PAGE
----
It's time for TRVs to be mandatory across the board, says BEAMA

Published:  31 May, 2018

BEAMA confronts the lack of TRV representation in Boiler Plus, and why this is an enormous missed opportunity.

With all the focus recently on the new requirements for heating controls with replacement boilers under Boiler Plus, it was easy to overlook the fact that that this policy again ignored the opportunity to mandate thermostatic radiator valves (TRVs) when a boiler is replaced.

The Department for Business, Energy & Industrial Strategy consultation response said that, while there is “no doubt that TRVs can have a significant impact”, the priority should be just to improve consumers’ awareness of how to get the best use out of them.

This seems such a missed opportunity given the evidence that there are over 30% of homes without TRVs. A boiler replacement, with the system already drained down, is the perfect time to fit TRVs. It’s also inconsistent with the other options under Boiler Plus that are there to improve the efficiency with which the boiler operates, given that the principles of effective energy conservation would mean that you should reduce waste heat (e.g. through the addition of TRVs) before improving the efficiency with which you produce that heat.

Fortunately, it seems that the blinkered view of government towards this highly effective energy saving technology may be overridden by the revised version of the EU Energy Performance of Buildings Directive (EPBD) which was voted through in April of this year.

The final text of which says that: “Member States shall require new buildings, where technically and economically feasible, to be equipped with self-regulating devices for the separate regulation of the temperature in each room or, where justified, in a designated heated zone of the building unit. In existing buildings, the installation of such self-regulating devices shall be required when heat generators are replaced, where technically and economically feasible.”

If it’s not immediately obvious, this means that any boiler replacement carried out in the EU should be accompanied by work to ensure that individual room temperature controls, such as TRVs, are in place.

The EPBD is designed to reduce energy use in buildings as a means to tackle climate change, given that buildings account for 40% of all energy use in the EU. This directive does not apply directly as regulation in individual countries, but relies on those countries to implement it in ways that are suitable for local conditions.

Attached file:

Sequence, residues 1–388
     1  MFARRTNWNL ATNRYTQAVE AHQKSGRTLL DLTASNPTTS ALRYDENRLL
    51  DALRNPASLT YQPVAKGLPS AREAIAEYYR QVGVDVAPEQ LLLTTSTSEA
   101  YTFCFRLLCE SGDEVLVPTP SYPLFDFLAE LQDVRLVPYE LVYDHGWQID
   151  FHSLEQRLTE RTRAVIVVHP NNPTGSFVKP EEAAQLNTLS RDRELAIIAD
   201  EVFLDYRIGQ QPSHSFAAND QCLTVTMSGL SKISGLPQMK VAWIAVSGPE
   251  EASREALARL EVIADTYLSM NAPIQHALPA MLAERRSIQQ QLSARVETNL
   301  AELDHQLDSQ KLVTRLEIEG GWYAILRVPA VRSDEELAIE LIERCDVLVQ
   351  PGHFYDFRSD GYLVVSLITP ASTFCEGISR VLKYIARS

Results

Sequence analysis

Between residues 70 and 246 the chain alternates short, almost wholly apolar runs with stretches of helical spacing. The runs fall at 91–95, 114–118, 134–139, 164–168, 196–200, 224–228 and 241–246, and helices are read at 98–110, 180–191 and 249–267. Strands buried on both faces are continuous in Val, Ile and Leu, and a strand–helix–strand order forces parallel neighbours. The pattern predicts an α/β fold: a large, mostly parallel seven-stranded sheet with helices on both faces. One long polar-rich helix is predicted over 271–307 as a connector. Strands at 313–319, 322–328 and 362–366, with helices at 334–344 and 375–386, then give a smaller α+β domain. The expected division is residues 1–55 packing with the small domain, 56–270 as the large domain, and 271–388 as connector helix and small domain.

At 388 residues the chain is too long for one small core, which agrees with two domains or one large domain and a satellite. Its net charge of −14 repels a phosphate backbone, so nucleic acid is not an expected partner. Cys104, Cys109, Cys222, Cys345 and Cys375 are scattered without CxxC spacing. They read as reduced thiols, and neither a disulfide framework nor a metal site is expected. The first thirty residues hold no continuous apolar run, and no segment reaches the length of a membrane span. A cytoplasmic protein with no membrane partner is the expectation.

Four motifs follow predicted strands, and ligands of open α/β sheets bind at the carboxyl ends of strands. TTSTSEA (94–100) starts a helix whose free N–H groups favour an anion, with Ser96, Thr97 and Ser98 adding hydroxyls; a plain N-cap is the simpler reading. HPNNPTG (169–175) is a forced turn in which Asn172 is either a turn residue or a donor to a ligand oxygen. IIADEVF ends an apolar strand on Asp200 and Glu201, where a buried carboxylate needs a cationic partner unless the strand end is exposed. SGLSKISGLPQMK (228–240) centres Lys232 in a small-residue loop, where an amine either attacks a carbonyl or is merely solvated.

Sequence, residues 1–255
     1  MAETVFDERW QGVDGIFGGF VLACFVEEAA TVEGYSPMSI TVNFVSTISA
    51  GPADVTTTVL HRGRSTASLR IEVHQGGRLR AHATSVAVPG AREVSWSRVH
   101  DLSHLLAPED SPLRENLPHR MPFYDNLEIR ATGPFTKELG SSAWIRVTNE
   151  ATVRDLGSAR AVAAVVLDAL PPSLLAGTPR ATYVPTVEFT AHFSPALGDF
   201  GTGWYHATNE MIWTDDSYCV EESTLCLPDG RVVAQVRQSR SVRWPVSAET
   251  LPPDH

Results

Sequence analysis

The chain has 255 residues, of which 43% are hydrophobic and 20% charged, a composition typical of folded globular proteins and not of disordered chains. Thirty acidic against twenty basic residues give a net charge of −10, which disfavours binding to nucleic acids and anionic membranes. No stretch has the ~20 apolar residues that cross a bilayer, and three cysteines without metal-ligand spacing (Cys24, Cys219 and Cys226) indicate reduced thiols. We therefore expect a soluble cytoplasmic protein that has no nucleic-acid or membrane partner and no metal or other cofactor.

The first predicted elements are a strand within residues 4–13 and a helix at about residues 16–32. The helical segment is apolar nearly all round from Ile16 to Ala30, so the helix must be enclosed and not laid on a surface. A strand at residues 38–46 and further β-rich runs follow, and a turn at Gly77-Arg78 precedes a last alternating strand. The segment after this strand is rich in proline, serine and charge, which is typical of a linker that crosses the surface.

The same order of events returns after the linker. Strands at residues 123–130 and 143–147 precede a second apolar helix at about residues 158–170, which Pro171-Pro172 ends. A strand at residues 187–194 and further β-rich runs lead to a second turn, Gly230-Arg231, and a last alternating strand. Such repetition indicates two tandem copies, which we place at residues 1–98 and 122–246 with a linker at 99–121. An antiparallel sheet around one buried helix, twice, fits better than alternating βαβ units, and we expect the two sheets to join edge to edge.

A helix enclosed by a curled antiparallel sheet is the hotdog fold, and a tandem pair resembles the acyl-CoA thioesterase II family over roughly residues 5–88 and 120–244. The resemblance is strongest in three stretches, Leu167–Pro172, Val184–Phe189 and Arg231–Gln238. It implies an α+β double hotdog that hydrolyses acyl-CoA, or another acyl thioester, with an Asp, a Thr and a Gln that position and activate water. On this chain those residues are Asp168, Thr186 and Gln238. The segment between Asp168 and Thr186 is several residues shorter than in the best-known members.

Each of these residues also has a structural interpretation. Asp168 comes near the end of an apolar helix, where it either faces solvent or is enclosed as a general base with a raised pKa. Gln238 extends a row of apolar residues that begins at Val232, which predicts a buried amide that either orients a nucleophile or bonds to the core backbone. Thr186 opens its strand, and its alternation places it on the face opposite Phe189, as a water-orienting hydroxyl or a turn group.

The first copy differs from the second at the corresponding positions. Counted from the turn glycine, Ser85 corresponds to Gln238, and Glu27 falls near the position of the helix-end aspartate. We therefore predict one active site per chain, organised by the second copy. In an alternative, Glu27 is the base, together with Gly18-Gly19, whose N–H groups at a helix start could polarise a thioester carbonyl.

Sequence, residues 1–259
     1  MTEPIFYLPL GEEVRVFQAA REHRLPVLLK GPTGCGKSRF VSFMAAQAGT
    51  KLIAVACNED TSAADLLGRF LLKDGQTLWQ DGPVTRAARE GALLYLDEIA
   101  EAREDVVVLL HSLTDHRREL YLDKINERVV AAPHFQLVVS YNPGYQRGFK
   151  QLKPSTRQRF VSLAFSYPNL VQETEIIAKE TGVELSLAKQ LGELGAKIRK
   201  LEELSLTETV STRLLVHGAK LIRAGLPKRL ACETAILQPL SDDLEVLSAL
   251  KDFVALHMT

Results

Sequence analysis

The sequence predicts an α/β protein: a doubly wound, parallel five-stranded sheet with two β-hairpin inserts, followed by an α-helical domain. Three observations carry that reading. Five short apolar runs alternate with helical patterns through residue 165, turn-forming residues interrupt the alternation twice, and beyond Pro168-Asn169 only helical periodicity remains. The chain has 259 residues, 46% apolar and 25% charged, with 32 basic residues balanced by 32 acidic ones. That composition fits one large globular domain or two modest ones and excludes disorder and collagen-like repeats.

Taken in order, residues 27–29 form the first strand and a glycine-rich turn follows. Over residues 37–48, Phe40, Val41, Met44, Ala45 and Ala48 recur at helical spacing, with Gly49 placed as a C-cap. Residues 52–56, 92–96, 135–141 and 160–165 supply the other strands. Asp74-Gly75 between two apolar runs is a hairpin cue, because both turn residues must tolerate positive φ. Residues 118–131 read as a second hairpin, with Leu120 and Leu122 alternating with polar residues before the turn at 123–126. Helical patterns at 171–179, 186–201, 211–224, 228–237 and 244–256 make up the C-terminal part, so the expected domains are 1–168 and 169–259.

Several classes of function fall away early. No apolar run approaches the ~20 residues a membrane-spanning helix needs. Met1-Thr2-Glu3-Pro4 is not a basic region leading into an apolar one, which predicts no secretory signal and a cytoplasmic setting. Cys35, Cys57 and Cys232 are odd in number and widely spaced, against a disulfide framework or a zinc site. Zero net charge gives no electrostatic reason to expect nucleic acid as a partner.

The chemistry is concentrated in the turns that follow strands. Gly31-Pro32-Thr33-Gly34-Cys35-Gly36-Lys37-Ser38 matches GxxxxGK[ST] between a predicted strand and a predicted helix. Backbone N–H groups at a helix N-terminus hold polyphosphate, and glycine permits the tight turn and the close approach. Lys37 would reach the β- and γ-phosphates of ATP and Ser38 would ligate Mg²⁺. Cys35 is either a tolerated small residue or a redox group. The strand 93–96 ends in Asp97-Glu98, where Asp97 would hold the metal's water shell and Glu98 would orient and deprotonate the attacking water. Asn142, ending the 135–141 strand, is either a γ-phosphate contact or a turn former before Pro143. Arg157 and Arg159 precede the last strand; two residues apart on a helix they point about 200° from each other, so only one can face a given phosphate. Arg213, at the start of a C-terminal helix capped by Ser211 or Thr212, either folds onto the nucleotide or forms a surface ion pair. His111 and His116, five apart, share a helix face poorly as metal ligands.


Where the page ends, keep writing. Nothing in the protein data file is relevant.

In the UK, this tends to be through instruments such as Part L of the Building Regulations, which are adapted to ensure that the requirements of the EPBD are met. So we should expect that that these requirements for individual room controls will soon be a requirement of the Building Regulations.

It is expected that the final EPBD will be formally approved and enter into force at the beginning of June. From that moment, Member States will have 20 months to transpose the directive in national legislation, so this should be active in the UK by early 2020.

Of course, Brexit could affect this but, at the time of writing, it appears that the UK will agree a transition period for leaving the EU, which would mean that legislation such as EPBD would continue to apply and be enforced, so it does seem that this will come into being.

Some reading this might be confused by the fact that the installation of TRVs with a boiler replacement is not a requirement, as it used to be a requirement in the regulations. It’s true that, up until the 2006 regulations, this was the case, but it was quietly reduced to only being ‘good practice’ when a boiler is replaced, and a requirement for new systems only.

Anecdotally, we know that many installers continued to install TRVs after the regulation changed, as they firmly believe that this is the best way to deliver an effective heating system to their customers. But, over the course of time, there have been increasing numbers of installers realising that they are being undercut by others who are quoting for systems which meet the minimum requirements and no more.

The obvious reaction in such circumstances is to make sure you get the job by following suit and this means that less homes are having TRVs installed than there were, even where the installer recognises that this may not be the best approach. Hopefully we will see these requirements for individual room temperature controls coming back into force very soon.